US could 're-examine' its military presence in Europe
Russia's takeover of Crimea could prompt a review the US military presence in Europe, which has declined steadily since the end of the Cold War, a senior Pentagon official said Tuesday.
"While we do not seek confrontation with Russia, its actions in Europe and Eurasia may require the United States to re-examine our force posture in Europe and our requirement for future deployments, exercises, and training in the region," said Assistant Secretary of Defense Derek Chollet.
Some 67,000 US military members are currently stationed on the European continent, mainly in Germany (40,000), Italy (11,000) and Britain (9,500).
When the Soviet Union fell in late 1991, the total presence stood at 285,000.
Chollet, testifying before the House Armed Services Committee, did not specify what such a re-examination could entail at a time when the Pentagon faces budget cuts and is seeking to redeploy part of its resources to the Asia Pacific region as part of a so-called pivot strategy.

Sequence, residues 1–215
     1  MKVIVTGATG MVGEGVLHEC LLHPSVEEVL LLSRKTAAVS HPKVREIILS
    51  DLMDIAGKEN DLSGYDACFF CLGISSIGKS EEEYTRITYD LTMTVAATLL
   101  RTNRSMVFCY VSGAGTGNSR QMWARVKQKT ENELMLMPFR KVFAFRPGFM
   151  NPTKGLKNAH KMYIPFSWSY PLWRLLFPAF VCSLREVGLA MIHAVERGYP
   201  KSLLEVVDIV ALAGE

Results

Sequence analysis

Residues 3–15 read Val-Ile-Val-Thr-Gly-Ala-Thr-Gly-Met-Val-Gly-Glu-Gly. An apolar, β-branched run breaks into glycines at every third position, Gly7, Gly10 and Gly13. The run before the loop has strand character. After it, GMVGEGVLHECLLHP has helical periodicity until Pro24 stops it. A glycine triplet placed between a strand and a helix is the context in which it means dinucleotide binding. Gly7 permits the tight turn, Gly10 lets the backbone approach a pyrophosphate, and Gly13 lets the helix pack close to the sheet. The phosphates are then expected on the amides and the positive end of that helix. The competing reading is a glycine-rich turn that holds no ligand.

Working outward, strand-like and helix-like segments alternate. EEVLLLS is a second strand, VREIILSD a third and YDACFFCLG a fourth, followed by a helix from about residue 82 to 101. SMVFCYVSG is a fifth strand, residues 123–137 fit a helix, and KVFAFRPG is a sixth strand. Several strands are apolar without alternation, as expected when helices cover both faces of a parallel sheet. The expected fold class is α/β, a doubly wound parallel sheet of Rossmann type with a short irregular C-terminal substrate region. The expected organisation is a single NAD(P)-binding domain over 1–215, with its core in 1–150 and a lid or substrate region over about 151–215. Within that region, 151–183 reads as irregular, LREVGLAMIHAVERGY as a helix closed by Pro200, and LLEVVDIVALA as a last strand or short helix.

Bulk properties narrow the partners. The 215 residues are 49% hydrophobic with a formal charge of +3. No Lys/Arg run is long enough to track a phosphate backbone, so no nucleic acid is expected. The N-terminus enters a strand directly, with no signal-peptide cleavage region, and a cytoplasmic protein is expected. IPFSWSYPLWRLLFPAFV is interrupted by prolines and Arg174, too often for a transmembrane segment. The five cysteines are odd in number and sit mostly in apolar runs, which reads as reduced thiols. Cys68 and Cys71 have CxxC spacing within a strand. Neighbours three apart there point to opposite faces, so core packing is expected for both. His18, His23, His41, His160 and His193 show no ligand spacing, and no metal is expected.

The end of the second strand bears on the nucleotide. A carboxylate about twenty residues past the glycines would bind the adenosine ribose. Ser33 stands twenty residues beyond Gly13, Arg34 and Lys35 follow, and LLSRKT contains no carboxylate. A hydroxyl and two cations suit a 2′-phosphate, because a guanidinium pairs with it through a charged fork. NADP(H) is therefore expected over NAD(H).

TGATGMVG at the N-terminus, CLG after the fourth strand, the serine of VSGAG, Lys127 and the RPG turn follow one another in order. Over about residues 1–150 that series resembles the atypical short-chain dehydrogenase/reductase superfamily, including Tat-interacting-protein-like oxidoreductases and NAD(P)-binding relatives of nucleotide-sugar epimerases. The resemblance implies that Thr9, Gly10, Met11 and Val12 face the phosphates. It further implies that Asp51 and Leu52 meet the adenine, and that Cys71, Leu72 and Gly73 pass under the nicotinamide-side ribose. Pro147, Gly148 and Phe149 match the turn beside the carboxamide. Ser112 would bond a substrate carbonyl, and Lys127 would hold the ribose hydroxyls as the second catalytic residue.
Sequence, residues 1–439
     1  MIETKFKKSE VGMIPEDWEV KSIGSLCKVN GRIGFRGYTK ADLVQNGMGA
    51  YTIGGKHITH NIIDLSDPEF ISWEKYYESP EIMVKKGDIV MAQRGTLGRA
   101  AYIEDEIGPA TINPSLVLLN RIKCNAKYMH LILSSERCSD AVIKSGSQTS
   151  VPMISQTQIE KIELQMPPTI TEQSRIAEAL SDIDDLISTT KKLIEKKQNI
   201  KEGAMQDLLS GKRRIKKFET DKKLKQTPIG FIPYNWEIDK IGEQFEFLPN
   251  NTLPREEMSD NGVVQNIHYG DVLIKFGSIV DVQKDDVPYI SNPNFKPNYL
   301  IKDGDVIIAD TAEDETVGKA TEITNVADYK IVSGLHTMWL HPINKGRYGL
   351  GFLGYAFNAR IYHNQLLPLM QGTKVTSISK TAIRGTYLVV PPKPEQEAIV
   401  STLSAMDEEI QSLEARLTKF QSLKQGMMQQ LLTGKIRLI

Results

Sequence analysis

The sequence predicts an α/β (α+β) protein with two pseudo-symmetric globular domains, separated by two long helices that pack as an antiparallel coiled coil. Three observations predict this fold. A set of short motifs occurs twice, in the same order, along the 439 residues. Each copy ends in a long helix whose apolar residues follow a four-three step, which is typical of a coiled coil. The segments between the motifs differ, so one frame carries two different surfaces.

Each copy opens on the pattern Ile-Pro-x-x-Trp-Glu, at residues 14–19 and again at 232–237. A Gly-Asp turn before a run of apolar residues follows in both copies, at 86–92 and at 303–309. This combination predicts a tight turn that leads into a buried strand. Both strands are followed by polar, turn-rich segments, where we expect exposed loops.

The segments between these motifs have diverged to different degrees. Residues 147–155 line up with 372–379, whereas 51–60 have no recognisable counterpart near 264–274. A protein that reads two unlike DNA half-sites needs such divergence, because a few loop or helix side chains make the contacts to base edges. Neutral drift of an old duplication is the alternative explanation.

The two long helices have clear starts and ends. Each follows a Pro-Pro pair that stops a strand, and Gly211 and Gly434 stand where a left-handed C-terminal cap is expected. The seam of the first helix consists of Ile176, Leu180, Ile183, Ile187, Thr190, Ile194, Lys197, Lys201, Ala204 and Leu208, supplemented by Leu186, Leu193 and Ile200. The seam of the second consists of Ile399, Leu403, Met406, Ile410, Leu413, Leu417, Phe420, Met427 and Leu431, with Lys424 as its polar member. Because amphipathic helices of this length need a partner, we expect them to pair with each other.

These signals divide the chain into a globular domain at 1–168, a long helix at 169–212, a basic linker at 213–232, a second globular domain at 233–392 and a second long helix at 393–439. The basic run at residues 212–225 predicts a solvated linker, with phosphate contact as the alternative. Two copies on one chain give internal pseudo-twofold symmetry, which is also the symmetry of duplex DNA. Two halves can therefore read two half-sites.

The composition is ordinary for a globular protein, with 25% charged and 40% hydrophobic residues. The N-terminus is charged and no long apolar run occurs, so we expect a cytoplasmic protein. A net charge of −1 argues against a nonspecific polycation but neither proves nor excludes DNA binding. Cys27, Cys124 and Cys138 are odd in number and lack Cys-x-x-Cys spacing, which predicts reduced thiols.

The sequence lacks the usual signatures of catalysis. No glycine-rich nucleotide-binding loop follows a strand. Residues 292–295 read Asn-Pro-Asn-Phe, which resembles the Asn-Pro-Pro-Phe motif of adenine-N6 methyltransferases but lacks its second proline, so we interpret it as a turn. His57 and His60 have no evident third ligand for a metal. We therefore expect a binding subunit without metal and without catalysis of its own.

"Russia's unlawful military intervention in Ukraine challenges our vision of a Europe whole, free and at peace," he said.
"It changes Europe's security landscape. It causes instability on NATO's borders. And it is a challenge to the international order."
To reassure Eastern European NATO members, Washington has already deployed six F-15s as reinforcement to the Baltics, as well as 12 F-16s and three transport planes to Poland.
A guided-missile destroyer, the USS Donald-Cook, is due to arrive in the Black Sea in the coming days.
The seizure of local administration buildings in Donetsk and Kharkiv in eastern Ukraine was "very concerning," Chollet said, adding that Washington did not believe them to be "spontaneous demonstrations."
"Moving into eastern Ukraine would clearly be a very serious escalation of this crisis," he said.
In his written testimony, Chollet said pressure from Moscow is not confined to Ukraine.
"Moldova, for example, has Russian forces on its territory, nominally peacekeepers, but who actually support the separatist Transnistria region."
NATO's top commander, the US General Philip Breedlove, expressed concern at the end of March about the large Russian troop presence along Ukraine's border, fearing it could lead to an intervention by Moscow in Transnistria.
© 2014 AFP